In recent years, director Mike Flanagan has emerged as the heir apparent to Frank Darabont, just in terms of his propensity for executing solid film adaptations of Stephen King stories. Though we won’t be seeing “Revival,” his third planned adaptation, he’s got two more under his belt already, and King is still keeping his eye on Flanagan’s other projects.
It’s possible we’ll see them team up again in the future, but in the meantime, there’s “Midnight Mass,” Flanagan’s upcoming Netflix series, which looks to the Bible as horror literature. King has already seen “Midnight Mass,” and he had some high praise for it, as you can see in the tweet below.
On Twitter, King called “Midnight Mass” a “dense, beautifully photographed terror tale that climbs to a high pitch of horror by the 7th and last episode.” In the latest “Midnight Mass” trailer, “X-Files” alum Annabeth Gish asks, “What’s a little crazy between friends?” She might just as well have asked, “What’s a little praise between mutual admirers?”
The answer: nothing at all, not if you’re the master of the macabre and you hold the power to save or condemn horror titles like a Roman emperor exercising his pollice verso thumb. “Midnight Mass” now has a thumbs up from King, his official social media stamp of approval, so keep that in mind when you’re weighing your many streaming entertainment options this month. The series offers a communion wafer (of evil?) to the viewer. Will you accept?
The Right Guy To Adapt King
Stephen King adaptations can be hit-or-miss, but “Gerald’s Game” and “Doctor Sleep,” both directed by Flanagan, were generally well-regarded. “Gerald’s Game” came from a novel that was considered un-filmable since most of it revolves around a woman being handcuffed to a bed in a remote lake house with no other living characters around to provide dialogue or conflict (beyond, you know, the conflict of needing to extract oneself from those cuffs by whatever means necessary). Yet Flanagan was able to deliver something with his Netflix adaptation of “Gerald’s Game” that pleased both fans and King himself.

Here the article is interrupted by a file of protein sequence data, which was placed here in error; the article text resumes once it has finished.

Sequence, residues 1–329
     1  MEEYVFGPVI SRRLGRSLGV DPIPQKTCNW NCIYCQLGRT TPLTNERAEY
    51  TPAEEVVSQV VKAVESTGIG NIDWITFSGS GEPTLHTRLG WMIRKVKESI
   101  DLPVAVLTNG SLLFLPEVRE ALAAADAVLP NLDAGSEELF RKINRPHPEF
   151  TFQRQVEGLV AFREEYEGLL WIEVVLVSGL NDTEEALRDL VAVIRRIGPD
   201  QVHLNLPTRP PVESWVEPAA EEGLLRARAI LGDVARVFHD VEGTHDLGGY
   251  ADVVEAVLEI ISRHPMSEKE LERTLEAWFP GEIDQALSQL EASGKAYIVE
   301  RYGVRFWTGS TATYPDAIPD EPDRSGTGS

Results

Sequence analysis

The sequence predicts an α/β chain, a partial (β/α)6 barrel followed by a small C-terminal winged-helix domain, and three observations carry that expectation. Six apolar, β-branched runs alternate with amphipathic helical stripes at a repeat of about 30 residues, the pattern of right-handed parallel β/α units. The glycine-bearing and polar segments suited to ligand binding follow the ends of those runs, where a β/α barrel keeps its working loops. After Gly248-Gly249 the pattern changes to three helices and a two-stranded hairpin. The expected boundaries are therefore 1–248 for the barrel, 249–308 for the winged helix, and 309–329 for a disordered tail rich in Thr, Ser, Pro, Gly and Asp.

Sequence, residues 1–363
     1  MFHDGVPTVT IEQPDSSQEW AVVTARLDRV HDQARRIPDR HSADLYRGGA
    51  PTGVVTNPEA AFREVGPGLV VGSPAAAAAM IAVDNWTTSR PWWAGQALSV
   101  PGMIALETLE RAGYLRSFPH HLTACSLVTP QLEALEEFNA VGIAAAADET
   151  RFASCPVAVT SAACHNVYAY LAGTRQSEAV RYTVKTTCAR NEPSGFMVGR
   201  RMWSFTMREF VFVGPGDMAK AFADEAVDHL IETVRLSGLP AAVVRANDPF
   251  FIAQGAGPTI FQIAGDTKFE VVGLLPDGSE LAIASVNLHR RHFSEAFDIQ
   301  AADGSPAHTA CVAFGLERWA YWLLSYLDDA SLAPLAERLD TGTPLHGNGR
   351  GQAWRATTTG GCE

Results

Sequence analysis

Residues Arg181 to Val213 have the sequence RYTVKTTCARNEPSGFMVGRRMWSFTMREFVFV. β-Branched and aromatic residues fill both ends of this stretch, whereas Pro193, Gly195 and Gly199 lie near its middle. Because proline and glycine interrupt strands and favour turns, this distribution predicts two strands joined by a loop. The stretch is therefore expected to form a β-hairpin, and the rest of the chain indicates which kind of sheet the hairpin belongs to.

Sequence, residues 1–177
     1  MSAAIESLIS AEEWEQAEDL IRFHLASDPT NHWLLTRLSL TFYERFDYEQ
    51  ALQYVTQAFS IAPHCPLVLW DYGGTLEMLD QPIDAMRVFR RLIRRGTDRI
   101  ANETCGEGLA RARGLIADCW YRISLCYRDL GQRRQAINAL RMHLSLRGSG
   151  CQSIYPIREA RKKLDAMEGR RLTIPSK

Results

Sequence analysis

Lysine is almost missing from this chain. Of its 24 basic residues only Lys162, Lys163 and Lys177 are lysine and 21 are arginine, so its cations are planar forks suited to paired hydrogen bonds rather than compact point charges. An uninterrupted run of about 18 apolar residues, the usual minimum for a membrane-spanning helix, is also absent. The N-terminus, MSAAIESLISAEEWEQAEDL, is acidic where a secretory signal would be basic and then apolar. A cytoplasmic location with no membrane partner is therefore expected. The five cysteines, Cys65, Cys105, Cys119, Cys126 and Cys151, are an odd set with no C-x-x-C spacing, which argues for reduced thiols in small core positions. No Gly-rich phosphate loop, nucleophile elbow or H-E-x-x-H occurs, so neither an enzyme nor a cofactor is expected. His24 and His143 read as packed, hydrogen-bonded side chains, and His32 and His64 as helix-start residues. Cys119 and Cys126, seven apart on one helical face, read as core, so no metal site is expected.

This may be why King entrusted “Doctor Sleep” to Flanagan. “Doctor Sleep” faced the daunting task of serving as a sequel to “The Shining,” both King’s 1977 novel and the 1980 Stanley Kubrick adaptation starring Jack Nicholson. Though “The Shining” is one of the greatest horror films of all time (just yesterday, we just revisited its ending), King was never a fan of Kubrick’s vision, which somewhat clashed with his own. “Doctor Sleep” made him retroactively appreciate the film more.
This week, I found myself doing the same thing with “Doctor Sleep” while randomly thinking about Rose the Hat, Rebecca Ferguson’s chilling vampire villain, who is not above shotgunning hits of children’s life energy with her True Knot pals. It made me want to rewatch the film, and I will definitely be watching “Midnight Mass” when it hits Netflix on September 24, 2021.
Here’s the official synopsis for “Midnight Mass”:
This little island, so sleepy it might be dead. The isolated community on Crockett Island experiences miraculous events – and frightening omens – following the arrival of a charismatic, mysterious young priest. An original series from Mike Flanagan come to Netflix on September 24th.
The post Mike Flanagan’s Midnight Mass Already Has a Fan in Stephen King appeared first on /Film.
/Film – ‘Slash Film: Mike Flanagan’s Midnight Mass Already Has A Fan In Stephen King’
Author: Joshua Meyer
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September 15, 2021